The U.S. Supreme Court on Monday will consider for the second time in two years whether to choke off a critical funding stream for public-employee unions, potentially reducing organized labor's influence in the workplace and at the ballot box.
The nine justices will hear a challenge backed by anti-union groups to the legality of fees that workers who are not members of unions representing teachers, police, firefighters and certain other government employees must pay to help cover the costs of collective bargaining with state and local governments.
About two dozen states require payment of these so-called agency fees, covering roughly 5 million public-sector workers, that provide millions of dollars annually to unions. Their disappearance would deliver another blow to a U.S. organized labor movement already in a diminished state compared to past decades.
The justices considered a similar case in 2016, and after hearing arguments appeared poised to overturn a 1977 Supreme Court precedent that let unions force non-members covered by contracts negotiated by organized labor to pay fees in lieu of union dues to help cover non-politicalunion expenditures.
But the death of conservative Justice Antonin Scalia the following month left the court with an even split of conservatives and liberals, and its 4-4 ruling in March 2016 did not resolve the legal question.
Republican President Donald Trump's appointment of Justice Neil Gorsuch last year restored theSupreme Court's 5-4 conservative majority. Gorsuch could cast the deciding vote in dooming agency fees.
Depriving unions of agency fees could hamstring their ability to spend in political races. They typically back Democratic candidates over Republicans.
The 2016 case was brought by non-union California public school teachers. The plaintiff in the current case is Mark Janus, a child-support specialist for the state of Illinois who opted not to join the union that represents employees like him, the American Federation of State, County and Municipal Employees (AFSCME).
In both cases, the challengers argued that being forced to pay the agency fees to unions whose views they may not share violates their rights to free speech and free association under the U.S. Constitution's First Amendment.
'I LOSE MY JOB'
Janus, 65, is backed in the legal fight by anti-union groups including the National Right to Work Legal Defense Foundation.
He said in an interview he is not a member of a political party and his objection to the fees was not based on politics. Janus said he has chafed at having to pay the fees, currently just under $50 a month, since starting his current stint working for Illinois in 2007.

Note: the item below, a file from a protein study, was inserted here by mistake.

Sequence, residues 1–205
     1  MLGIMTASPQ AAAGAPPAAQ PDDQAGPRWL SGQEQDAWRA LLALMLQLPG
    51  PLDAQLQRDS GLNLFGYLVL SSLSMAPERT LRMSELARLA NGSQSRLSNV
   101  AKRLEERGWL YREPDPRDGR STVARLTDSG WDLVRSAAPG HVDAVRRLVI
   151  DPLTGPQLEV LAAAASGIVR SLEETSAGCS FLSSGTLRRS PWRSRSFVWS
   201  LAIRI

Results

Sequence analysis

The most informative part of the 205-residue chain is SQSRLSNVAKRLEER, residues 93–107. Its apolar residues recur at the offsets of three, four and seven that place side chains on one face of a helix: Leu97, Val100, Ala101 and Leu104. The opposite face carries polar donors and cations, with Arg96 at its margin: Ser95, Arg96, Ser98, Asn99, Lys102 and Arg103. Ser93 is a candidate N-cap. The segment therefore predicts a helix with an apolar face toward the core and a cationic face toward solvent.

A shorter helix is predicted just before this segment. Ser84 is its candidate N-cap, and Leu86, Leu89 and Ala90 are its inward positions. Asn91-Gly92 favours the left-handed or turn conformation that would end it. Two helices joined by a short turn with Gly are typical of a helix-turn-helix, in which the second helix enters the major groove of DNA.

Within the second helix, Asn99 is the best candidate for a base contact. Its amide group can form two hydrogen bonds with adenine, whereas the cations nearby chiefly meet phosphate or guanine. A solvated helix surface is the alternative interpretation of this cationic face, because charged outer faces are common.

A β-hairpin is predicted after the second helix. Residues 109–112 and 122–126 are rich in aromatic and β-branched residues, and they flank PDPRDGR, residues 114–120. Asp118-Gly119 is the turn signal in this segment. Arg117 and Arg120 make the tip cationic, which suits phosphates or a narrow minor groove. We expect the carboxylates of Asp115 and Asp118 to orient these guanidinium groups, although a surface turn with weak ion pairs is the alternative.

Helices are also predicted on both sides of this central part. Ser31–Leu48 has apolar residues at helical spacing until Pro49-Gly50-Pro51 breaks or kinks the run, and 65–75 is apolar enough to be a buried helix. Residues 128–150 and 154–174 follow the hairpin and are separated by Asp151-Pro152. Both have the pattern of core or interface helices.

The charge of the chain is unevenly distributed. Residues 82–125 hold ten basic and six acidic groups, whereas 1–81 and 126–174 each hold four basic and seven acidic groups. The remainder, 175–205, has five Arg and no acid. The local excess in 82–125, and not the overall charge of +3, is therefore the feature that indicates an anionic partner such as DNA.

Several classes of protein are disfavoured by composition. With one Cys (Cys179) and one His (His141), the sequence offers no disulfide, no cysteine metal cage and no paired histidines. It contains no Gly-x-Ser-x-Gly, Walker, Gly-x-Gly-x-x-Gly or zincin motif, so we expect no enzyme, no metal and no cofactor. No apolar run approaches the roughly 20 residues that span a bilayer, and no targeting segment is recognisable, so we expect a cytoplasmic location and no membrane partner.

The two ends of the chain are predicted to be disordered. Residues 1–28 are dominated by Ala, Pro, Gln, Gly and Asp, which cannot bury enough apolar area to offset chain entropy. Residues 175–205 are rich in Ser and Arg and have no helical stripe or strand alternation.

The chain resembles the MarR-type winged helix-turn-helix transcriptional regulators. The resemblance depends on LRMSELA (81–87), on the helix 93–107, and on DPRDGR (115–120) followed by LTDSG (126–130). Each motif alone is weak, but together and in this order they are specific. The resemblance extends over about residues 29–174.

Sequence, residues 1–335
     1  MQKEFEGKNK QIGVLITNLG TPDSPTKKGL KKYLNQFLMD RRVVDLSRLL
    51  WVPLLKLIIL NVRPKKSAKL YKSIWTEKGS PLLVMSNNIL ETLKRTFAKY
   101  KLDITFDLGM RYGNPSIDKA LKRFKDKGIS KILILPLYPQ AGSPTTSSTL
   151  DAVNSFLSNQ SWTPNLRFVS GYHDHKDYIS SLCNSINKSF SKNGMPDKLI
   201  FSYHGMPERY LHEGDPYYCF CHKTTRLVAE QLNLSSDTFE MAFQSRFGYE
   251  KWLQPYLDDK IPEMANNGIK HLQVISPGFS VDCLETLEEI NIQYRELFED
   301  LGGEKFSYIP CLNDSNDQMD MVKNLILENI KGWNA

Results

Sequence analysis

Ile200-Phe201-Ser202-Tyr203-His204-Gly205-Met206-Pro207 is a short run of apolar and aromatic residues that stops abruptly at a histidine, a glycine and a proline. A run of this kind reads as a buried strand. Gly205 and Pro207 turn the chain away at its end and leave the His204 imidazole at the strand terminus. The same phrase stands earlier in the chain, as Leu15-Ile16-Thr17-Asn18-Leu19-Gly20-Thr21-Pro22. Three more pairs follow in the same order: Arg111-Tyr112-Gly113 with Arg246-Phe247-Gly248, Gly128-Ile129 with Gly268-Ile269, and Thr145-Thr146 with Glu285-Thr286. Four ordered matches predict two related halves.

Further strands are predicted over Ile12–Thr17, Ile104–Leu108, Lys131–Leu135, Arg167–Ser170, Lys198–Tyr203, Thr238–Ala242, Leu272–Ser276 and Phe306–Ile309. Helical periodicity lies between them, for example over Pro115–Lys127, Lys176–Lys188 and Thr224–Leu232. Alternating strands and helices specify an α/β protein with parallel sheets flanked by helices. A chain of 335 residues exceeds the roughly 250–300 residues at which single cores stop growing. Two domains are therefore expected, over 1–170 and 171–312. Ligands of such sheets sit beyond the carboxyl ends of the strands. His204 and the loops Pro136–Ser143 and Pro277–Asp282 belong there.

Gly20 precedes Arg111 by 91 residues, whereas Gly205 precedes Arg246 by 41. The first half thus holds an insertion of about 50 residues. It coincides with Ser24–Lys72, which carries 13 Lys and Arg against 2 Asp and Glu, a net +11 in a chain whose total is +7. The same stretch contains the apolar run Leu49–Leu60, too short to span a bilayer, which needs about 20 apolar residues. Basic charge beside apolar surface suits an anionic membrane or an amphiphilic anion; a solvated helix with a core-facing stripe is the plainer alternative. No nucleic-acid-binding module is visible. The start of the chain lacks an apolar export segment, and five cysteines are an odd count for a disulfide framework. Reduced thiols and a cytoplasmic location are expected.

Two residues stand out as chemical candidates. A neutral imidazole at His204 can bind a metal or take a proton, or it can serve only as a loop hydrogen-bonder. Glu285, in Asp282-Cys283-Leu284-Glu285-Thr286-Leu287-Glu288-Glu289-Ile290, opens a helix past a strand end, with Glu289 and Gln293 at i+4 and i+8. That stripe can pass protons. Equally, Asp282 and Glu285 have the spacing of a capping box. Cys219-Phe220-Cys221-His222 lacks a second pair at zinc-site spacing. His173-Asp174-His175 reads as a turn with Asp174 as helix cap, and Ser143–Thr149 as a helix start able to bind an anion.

"I don't agree with the fact that someone is telling me I have to support something without asking me about that. This is not freedom of association. If I don't pay, I lose my job," Janus said.
AFSCME and other public-sector unions have called the case a well-funded attack by corporations and billionaires to undermine organized labor.
"This case is about power," American Federation of Teachers President Randi Weingarten said.
"The funders of this case want a new Gilded Age, this time on steroids," Weingarten added, referring to a period in the late 19th century known for its concentration of wealth among industrialists.
More than half the states have so-called right-to-work laws that prohibit agency fees, at least for certain workers. In those states, unions still represent workers but membership rates are lower.
Federal employee unions cannot collect agency fees.
The union membership rate among public-sector workers was nearly 35 percent in 2017, more than five times higher than the unionization rate for workers in the private sector, U.S. Bureau of Labor Statistics figures show. The case does not affect private-sector unions.
Taking away mandatory agency fees could have profound implications for public-sector union coffers. Unions in New York state, for example, would lose an estimated $110 million per year without mandatory fees from non-members, according to the business-backed Empire Center for Public Policy.
(Reporting by Robert Iafolla and Lawrence Hurley; Editing by Will Dunham)